Keeping secrets

Eugene Hunn enhunn at attbi.com
Wed Mar 6 06:12:07 PST 2002


Dear Fellow Birders,

Sometimes we're confronted with a dilemma. By happenstance perhaps we hear
of a rare and beautiful bird, so we decide we'd like to go have a look. Sure
enough! There it is. A wonderful sight to behold.

But, here's the dilemma. Should we just enjoy it privately and go on about
our business? Should we share the secret with a few trusted friends? Or,
should we let everybody know so that they might enjoy it too?

It's a tough choice sometimes, as a rare and beautiful bird can draw a
crowd. So we need to consider the circumstances.

Would the revelation harm the bird? Would a bunch of birders disturb it
feeding or nesting? Or degrade its habitat?

Would the revelation harm someone, violate their right to be secure in their
property, or create a public hazard or nuisance?

If so, perhaps it's best kept secret. If not, I say, share the wealth.

Well, we arrived at the specified location (there were three of us). It was
the middle of a beautiful day, on a quiet residential street in one of
Seattle's nicer neighborhoods. People were out gardening in their front
yards, walking their dogs, jogging by. We found what we thought must be the
spot where the bird could be readily seen, a patch of grass just off the
sidewalk, on the corner. We stood around for sometime studying the House
Sparrows.

We saw a lady gardening at a house kitty-korner across the street and went
over to chat her up, to let her know what we were about. We told her we'd
heard there was a rare and beautiful bird coming to her neighbor's feeder.
She said, "Really! What sort of bird?" So we showed her the picture in the
book. "Wow!" she said. "I'd like to see one of those myself. And my friend,
who's a real avid birdwatcher, would too."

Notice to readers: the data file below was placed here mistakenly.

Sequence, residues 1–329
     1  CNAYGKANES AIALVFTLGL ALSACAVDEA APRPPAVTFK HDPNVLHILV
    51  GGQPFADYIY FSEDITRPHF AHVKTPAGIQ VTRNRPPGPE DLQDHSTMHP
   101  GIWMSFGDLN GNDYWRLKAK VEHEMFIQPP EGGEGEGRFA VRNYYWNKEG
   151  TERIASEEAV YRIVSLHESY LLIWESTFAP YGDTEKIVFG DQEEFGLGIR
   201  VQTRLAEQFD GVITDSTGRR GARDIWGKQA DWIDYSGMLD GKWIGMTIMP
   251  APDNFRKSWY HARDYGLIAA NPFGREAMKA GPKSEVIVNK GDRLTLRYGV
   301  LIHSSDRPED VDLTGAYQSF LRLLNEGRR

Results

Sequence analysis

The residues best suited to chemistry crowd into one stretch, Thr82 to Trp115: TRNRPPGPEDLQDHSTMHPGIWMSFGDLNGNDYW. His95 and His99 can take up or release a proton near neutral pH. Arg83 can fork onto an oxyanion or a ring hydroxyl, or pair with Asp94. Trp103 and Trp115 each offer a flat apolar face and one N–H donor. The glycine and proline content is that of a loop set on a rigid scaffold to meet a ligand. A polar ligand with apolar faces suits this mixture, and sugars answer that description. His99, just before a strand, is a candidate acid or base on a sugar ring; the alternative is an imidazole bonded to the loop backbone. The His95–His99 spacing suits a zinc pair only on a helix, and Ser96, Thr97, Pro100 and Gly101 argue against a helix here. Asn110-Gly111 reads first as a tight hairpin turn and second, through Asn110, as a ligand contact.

At that moment the bird in question popped up out of the ivy and began to
feed out in the open on the ground. The neighbor lady came over with her
husband and young son and we showed them the bird in our scope. They were
most impressed. Soon, their friend arrived with her son. Meanwhile the bird
fed contentedly with his junco friends.

We apologized if we were causing any problems. The neighbor lady's husband
assured us that it was a wonderful bird, "Thanks for showing it to us."
Also, that we were standing on city property, that there was a street
right-of-way directly below our vantage point.

We wondered why anyone should have kept this a secret. No danger to the
bird, certainly. No trespass. No real nuisance. So I decided to post it on
tweeters with all the usual cautionary notes. Some people got upset about
that.

I must admit, I'm no good at keeping secrets. In fact, in principle, I abhor
secrets. A character flaw, perhaps, but I can't help it.

Why should I abhor secrets?

Keeping a secret is like telling a lie.
Telling a lie distorts the truth.
Keeping a secret hides the truth.
Lies and secrets are deceitful.

Of course, there are many kinds of lies, and many kinds of secrets.
There are little white lies, and dirty little secrets.
Sometimes one should lie or hide the truth.
For example, if the truth is too painful.
If the truth is too dangerous.
But if the truth is simply inconvenient for someone?

Kenneth Lay knew the truth; his employees didn't; but now they do.
Richard Nixon knew the truth; the American Public didn't; but we found out.
John Ashworth knows the truth; the Congress doesn't, but would like to find
out.
Bill Clinton knew the truth; Hillary didn't, but now she does.
The truth will out, eventually, and usually it's ugly.

Secrets make for bad government.
Secrets make for bad science.
Did Galileo keep it secret?
Did Darwin keep it secret?
Did Einstein keep it secret?
And, more to the point, secrets make for bad friends.
Secrets kill Community.

So, I don't keep secrets lightly.

Birders belong to a community of people who share a passion for birds. That
community thrives on information that we freely share. I've seen the
Washington birding community grow during the past thirty years from a few
isolated individuals to an exciting crowd. We now know much more about the
bird life of our state than we did then. The main reason is that we freely
share what we learn about birds. Now we have tweeters, WOS News, Washington
Birder, North American Birds, and our community is thriving.

Some people think there are too many birders. They fear the crowds. I don't
think there can ever be too many birders. Birders derive great pleasure from
learning about birds, admiring birds, contemplating birds. So birders are
passionate defenders of birds. So how can we have too many of us?

So, if you have a secret flower in your garden.
If you have a secret bird at your feeder.
And you're afraid of crowds.
Don't tell a soul.

Gene Hunn.





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